Fire blight is a bacterial disease that spreads in apple and pear trees. The branch die back from the tips and look scorched.

QUESTION: What sprays would prevent the spread of fire blight in apple trees?

MB: There are a number of options. Now, we talked about spraying copper during dormancy. There are copper sprays that you can apply during bloom, but they're not the same copper formulation that you would use during the dormant season. So they're going to be safer to use against the flowers. And the copper helps to reduce the bacteria that are on the surface of the flower and can reduce the potential for infection. Bonide makes a copper spray which is a copper octanoate, a 10% solution. And if you used according to the label, it can successfully reduce your chances for getting fireblight.

Another product that I like to use is Double Nickel. There are a variety of off-the-shelf products, but Double Nickel itself is a combination of two bacillus organisms, bacillus subtilis, otherwise known as Serenade, and bacillus amyloliquefaciens, which is known by a number of different trade names.

Even though it's considered to be a fungicide, those two bacillus species are bacterial suppressants. So they may not kill the bacteria outright in the way that copper will, but they'll reduce the ability of that bacteria to grow and be successful on the surface of the plant.

And so if you've got a potential for fire blight infection, you can apply a light rate of copper and a light rate of these bacillus organisms to help reduce the Erwinia bacteria that's on the surface of the plant.

There are also some other more biologically driven options that are out there. One is called Blossom Protect, and these are yeasts and beneficial fungi. They'll grow just like any other type of microorganism well but they're beneficial in that they can act as bacterial suppressants. They can also out-compete territorially on the surface of the plant so that the Erwinia just doesn't have a chance to ever grow to any dangerous level.

Photo of fruit set with small apples in cluster on branch. Understanding these phenological stages is important when considering when to spray apple trees.
Once the fruit sets on apple trees, the summer season has begun. At this point summer insects and diseases begin to emerge and a new spraying strategy is necessary. Photo credit: Jeff Nielsen.

when to spray apple trees: Summer Season

Once all the petals fall from your apple trees, your summer spray schedule will begin. Next Mike explores the different apple tree sprays that you will use at that time.

QUESTION: What are some summer sprays for fruit trees?

The first 10 to 12 weeks of the season, from dormant until petal fall, is when we're seeing everything start to waken up and be present in the orchard. After petal fall and during those initial fruit growth stages is when we're starting to see more of the summer insects and diseases that come out.

Now, they're going to be different than the early season insects and diseases. Some will be the same, but the intensity from an organic standpoint tends to go down a little bit.

You can use granulosis for codling moths. DiPel or any bacillus thuringiensis product can be used to help control other larval organisms like oblique-banded leafroller, green fruitworms, oriental fruit moth, codling moths to some degree. And then there's also Entrust or Spinosad insecticide which is also an important part of that overall rotation.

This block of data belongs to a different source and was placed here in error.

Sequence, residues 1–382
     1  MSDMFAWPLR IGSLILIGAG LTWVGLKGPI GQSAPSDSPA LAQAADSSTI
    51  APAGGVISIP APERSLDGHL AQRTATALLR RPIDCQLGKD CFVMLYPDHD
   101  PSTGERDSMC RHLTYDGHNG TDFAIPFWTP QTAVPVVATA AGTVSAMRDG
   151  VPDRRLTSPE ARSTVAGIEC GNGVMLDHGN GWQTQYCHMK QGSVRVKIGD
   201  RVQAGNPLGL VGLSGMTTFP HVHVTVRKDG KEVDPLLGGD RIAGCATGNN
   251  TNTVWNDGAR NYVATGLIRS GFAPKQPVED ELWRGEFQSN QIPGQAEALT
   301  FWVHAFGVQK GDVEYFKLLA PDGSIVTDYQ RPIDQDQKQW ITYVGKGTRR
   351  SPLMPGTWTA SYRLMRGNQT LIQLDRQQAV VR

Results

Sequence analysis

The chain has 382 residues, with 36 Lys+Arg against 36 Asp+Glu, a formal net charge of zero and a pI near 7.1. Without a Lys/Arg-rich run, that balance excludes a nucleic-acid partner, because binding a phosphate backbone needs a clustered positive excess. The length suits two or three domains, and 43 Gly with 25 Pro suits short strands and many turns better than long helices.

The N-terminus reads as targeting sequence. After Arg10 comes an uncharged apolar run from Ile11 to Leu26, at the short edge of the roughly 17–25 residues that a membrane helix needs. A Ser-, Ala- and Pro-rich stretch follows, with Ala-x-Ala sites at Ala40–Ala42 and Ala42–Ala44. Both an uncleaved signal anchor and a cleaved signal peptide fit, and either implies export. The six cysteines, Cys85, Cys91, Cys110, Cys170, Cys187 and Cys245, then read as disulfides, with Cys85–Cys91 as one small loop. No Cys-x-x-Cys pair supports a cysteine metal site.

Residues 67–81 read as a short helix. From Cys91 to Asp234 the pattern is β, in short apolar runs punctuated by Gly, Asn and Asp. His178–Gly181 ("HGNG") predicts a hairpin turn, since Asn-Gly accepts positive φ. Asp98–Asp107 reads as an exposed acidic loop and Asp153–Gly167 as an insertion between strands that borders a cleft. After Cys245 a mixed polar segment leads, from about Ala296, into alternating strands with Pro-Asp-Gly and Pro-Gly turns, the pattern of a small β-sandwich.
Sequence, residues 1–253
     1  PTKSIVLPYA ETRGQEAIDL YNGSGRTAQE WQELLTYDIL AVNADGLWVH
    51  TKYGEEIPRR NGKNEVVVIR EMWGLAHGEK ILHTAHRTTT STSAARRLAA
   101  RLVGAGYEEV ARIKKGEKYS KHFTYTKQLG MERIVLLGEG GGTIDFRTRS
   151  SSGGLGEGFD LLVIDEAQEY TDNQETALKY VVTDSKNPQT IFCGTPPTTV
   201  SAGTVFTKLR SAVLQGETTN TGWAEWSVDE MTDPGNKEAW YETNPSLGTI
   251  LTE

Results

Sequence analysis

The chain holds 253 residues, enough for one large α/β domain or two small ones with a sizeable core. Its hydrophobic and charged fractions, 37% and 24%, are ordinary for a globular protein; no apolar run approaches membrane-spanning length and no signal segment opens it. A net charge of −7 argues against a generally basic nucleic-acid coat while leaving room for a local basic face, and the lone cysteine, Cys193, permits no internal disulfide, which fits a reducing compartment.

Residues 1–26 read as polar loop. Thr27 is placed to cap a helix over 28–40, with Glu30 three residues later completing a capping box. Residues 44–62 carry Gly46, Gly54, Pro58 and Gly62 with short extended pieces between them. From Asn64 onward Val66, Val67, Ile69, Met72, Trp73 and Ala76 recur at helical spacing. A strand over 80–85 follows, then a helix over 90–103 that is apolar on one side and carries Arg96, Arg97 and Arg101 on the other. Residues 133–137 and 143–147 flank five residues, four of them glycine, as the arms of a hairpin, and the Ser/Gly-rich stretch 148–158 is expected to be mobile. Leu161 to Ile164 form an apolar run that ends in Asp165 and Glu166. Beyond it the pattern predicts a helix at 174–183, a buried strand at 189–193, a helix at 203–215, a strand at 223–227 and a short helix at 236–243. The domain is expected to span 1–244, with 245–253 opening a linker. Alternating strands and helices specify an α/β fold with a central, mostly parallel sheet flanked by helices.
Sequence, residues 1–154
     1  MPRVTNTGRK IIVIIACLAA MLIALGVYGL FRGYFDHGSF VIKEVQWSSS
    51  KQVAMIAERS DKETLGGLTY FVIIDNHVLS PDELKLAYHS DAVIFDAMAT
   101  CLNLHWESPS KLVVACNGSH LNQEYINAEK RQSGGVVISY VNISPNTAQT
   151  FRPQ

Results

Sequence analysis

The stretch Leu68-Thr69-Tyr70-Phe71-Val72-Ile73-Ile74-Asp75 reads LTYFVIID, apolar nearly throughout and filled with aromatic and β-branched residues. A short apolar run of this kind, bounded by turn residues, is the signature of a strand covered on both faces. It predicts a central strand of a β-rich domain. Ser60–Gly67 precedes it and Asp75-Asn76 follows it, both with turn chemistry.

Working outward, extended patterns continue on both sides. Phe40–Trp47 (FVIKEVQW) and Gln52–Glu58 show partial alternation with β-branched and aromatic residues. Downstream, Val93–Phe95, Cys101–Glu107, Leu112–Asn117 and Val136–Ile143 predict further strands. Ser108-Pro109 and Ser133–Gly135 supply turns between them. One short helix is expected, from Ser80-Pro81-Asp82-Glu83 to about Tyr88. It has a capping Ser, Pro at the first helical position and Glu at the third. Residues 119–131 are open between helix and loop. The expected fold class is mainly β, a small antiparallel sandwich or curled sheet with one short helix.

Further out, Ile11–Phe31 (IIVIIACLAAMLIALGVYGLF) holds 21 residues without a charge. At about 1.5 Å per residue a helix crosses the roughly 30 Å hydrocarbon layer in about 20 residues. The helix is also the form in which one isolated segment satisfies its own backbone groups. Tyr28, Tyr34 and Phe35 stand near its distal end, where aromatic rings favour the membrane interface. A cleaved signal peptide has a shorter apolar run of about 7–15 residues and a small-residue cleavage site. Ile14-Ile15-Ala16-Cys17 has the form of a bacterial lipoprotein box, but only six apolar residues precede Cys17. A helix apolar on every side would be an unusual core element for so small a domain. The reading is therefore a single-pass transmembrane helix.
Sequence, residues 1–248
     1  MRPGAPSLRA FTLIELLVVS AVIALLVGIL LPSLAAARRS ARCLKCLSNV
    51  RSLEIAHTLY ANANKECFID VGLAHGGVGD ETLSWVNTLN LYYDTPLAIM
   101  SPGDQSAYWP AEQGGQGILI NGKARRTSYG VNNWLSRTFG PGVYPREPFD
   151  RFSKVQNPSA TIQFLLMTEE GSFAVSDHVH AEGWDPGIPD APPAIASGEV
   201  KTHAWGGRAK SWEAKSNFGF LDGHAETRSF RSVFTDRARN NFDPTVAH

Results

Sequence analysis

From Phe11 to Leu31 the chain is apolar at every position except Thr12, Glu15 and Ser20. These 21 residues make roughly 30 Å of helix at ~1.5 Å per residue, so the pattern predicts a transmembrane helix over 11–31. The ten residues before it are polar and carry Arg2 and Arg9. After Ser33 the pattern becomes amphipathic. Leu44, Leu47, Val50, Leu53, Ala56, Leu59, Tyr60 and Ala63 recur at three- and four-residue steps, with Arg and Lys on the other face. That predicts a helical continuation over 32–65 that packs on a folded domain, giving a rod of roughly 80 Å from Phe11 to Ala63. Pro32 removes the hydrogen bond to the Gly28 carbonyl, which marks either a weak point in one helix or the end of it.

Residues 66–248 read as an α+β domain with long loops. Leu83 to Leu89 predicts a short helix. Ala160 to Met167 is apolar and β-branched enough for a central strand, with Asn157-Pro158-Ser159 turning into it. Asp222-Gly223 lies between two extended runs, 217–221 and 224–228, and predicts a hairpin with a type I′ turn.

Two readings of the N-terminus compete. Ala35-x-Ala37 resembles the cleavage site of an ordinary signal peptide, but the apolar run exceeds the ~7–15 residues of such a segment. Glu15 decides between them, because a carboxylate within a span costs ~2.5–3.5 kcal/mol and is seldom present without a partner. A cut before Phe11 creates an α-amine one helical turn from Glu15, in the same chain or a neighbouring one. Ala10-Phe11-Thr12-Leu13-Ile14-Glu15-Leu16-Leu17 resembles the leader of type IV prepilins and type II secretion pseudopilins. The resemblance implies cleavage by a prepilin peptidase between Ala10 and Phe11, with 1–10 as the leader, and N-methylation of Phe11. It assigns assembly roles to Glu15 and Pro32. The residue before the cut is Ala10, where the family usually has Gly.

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When those are used in conjunction with a kaolin clay product like Surround, they can provide a very robust insect control program and keep everything at fairly low levels.

When you get later into the season, and again, depending on where you are, it could be mid-July to early August, you're going to see something come out called apple maggot fly. And those can be controlled organically using red sticky spheres and lures and just trapping them out. But Entrust or a Spinosad insecticide and Surround will also keep any potential apple maggot problems at a low level.

One final product that's out there are the pyrethrins or pyrethroids. PyGanic is probably the most common or popular of the organic pyrethroids products that are out there. They tend not to be as powerful as Spinosad, but when used in a rotational perspective, they can also provide a lot of protection against some insect, pests, aphids, leafhoppers, that kind of stuff.

And then from a disease control standpoint, unless there's specific issues that somebody is dealing with, again, I go back to the bacillus products plus a copper every 10 to 14 days throughout the growing season just to provide some fungal protection.

QUESTION: When would you use horticultural oil spray on apple trees during the summer season?

MB: There are some very highly refined horticultural oils. One brand's product is called JMS Flowers. It's a very clean horticultural oil that doesn't have the potential for phytotoxicity, again, unless it's misused, but it can provide some benefits for piercing-sucking insects like leafhoppers and aphids and mites. You can get some control with it during the summer. So horticultural oils or refined horticultural oil or a stylet oil as we call it can be also used in rotation with those other products.

Learn More Information about Fruit Tree Spray Schedules Here

Susan Poizner

Director, Fruit Tree Care Education Online

Susan Poizner is an urban orchardist in Toronto, Canada and the author of Grow Fruit Trees Fast and Growing Urban Orchards. Susan trains new growers worldwide through her award-winning fruit tree care training program at Susan is also the host of The Urban Forestry Radio Show and Podcast and an ISA Certified Arborist.